Unconscious bias is real.
Perhaps that’s a Captain Obvious thing to suggest right now, coming off a month of passionate protests and a few years of watching the Divided States of America.
Almost 20 years ago Rodney King spouted, “can’t we all just get along.” And here we are today still trying to understand one another.
Then again, are White people really putting in the time to step into the shoes of another to truly comprehend what life might be like for someone who is Black?
Until a few weeks back, it was fair to say, “why would I?”
I can’t think of a time where I saw the police as anything but a safe haven.
I can’t think of a moment where I felt threatened to go out for a jog.
I can’t think of an American President who knowingly divided the people of the country he serves.
We’ve been divided long enough, no?
After the death of George Floyd, like many, I was up in arms.
In my attempt to do something about it, I turned to my talented, creative Black friend Derek Walker. If you know Derek, you know he’s not the type to sugarcoat; which is what I desperately wanted. Our conversations went from me listening to me trying to process what life is truly like for Derek at times.
Over a week of back-and-forth banter, we started to challenge each other in the right way to treat race relations like a strategic brief. Anyone who has worked in advertising knows what this looks like; it became our abided contract.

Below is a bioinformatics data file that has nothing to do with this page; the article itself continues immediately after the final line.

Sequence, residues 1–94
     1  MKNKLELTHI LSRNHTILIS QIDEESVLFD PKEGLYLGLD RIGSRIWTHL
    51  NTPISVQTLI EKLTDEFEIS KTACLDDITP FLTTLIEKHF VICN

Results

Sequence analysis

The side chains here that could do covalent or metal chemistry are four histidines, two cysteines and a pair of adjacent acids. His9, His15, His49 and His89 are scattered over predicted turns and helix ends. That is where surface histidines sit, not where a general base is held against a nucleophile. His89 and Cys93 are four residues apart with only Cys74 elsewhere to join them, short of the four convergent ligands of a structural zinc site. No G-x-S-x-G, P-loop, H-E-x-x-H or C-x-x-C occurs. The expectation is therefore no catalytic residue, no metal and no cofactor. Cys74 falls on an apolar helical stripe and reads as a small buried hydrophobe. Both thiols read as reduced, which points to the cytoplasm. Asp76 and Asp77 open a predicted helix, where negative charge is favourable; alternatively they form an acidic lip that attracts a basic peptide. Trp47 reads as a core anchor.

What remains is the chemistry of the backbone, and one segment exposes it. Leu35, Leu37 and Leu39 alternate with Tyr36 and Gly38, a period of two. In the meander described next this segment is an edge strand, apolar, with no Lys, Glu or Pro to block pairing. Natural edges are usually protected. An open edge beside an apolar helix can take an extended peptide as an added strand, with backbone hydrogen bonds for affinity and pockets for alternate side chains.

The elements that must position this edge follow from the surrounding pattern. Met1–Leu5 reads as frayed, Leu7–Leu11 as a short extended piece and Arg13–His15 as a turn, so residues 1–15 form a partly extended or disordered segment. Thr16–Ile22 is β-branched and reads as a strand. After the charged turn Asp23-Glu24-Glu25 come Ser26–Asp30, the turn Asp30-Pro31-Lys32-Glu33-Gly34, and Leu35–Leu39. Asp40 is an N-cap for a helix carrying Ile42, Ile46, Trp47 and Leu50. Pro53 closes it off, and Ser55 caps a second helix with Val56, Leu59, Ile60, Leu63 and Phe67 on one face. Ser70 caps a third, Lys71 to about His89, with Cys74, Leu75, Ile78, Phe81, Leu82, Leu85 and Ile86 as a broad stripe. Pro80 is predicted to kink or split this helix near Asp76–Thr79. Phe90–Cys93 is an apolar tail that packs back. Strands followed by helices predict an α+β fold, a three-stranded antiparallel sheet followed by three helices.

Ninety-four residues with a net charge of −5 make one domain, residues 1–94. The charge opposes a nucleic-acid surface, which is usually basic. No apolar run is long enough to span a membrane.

Could we create a website that showed the unconscious biases that white people and black people have in America? If we can start to see our biases, then we can choose to accept them for the purposes of creating empathy, understanding and progress.
What started out as a behind-the-curtain discussion turned into 7 companies coming together to build a 10 question experiment-of-a-website called itsblackandwhite.us. The idea came from a true collection of like-minded people who looked nothing like one another. That included leaders from Brown & Browner, Gut San Diego, Modifly, Made by J, Curtis, The O’Neill Code, Sauer Works and Courageous.
The group wanted to build an experience that could showcase the differences and many of unconscious biases that exist in one place. If you’re swayed by the media and you haven’t figured that out, perhaps this site can help. If you see the police as “safety”, you might learn not everyone feels that way.
This site took a few weeks to make and went though a checks-and-balances process to make sure we were on the right path. In truth, this site is not for everyone. In a time where we’re looking for full inclusivity, we made the choice to go right at “black and white” issues—hence the URL.
As Derek reminds me, the hope is that the effort starts to get people thinking and talking about race, while creating more understanding along the way.
Some issues in America there’s no gray on. They’re simply black and white. Yet, based on your experiences, your truth might look different depending on whether you’re black or white. The idea here was to ask the same 10 questions and showcase differences in many of the answers.
We hope to bring perspective, progress and conversation with www.itsblackandwhite.us